If you want to have a little more background of the CQ world one possibility is to read this post that I published on this subject; Another possibility to learn more about CQ is to obtain the official certification given by the cultural intelligence center (info here)
Self-awareness and stereotyping cultures, people, be careful !!
1. Everything starts with increasing our self-awareness, our perceptions towards others. For this, we have to put an end to the stereotypes of the countries. As published in the article, Culturally intelligent project management of the PMI, stereotypical cultures and people (see side graphics) will be an obstacle to be effective in a matrix environment with different cultures, with different ways of communicating and working
2.- When we move away from the stereotypical and approach the data, we are in a position to be more effective in our role of building relationships. Nowadays data are everything so let’ benefit from it! We can do this with the help of the Lewis Model.
The Lewis Model is based on data drawn from 50,000 executives taking residential courses and more than 150,000 online questionnaires to 68 different nationalities and he produced the following tripartite comparison according to a country.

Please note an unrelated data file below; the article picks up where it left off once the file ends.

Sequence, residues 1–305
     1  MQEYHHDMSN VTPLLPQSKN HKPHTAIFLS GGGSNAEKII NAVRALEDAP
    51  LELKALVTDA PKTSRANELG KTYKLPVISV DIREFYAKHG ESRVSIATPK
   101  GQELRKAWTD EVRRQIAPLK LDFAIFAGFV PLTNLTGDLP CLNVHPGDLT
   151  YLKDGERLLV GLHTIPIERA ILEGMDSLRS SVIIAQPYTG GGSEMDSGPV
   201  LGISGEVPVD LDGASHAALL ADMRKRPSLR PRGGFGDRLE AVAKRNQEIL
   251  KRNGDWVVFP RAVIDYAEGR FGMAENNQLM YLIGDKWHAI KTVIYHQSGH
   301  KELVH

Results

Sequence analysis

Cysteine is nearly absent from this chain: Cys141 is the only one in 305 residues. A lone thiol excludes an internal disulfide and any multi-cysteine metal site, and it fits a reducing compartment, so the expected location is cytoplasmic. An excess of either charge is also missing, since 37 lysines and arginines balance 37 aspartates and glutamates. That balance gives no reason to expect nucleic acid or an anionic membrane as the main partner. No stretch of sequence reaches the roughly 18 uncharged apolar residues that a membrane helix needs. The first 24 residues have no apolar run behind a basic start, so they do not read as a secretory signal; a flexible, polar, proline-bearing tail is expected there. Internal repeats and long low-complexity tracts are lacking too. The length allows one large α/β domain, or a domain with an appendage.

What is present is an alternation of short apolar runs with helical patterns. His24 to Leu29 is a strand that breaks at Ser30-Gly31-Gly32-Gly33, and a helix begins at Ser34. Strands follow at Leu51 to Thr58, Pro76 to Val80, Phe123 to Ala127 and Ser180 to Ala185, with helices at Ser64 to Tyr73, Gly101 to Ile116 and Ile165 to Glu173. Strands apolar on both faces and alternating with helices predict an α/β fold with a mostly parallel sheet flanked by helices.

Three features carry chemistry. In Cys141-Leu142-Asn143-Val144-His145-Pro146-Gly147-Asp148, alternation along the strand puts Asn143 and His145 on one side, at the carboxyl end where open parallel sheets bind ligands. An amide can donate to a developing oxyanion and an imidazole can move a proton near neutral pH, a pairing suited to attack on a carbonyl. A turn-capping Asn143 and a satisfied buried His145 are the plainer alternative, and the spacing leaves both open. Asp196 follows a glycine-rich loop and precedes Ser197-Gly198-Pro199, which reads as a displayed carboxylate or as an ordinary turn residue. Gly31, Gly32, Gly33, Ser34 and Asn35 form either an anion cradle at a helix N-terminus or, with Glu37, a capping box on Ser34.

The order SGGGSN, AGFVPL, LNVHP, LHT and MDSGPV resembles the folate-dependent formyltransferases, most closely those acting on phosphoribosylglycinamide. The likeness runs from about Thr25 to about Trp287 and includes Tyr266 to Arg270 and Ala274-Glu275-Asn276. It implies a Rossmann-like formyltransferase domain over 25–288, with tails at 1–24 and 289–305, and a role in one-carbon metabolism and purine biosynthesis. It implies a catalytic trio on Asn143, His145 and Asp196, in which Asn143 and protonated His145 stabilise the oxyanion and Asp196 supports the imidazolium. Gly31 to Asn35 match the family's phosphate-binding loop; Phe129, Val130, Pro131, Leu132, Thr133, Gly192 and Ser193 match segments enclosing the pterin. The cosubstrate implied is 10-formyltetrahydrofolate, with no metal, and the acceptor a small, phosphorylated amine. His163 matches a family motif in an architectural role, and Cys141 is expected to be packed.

According to Richard D. Lewis, several hundred national and regional cultures of the world can be roughly classified into three groups:
1. Task-oriented, highly organized planners (Linear Active)
2. People-oriented, loquacious inter-relators (Multi-Active)
3. Introverted, respect-oriented listeners (Reactive)
The classification helps in understanding behaviors when dealing with people from different cultures. It also helps in avoiding the offenses and understanding the reaction of stakeholders. And avoid offending someone is very important when our goal is to build relationships between different people
And the truth is that an LPM interacts with many people, we interact, a looooot!
Any day of an LPM can be something very similar to this sequence...
1. You arrive at the office
2. You go to the cafeteria to grab a coffee
3. There you greet and talk for a while with a data scientist who is from France, then you take a yogurt, some fruit and you talk for a while with a scrum master that is from Germany
4. You return to your desk and greet your peers from the G-localization team, tower of babel here, say good morning to your Italian, Chinese, Japanese, Brazilian specialist etc etc
5. Then open the email and start interacting with your LQA vendor, who is in India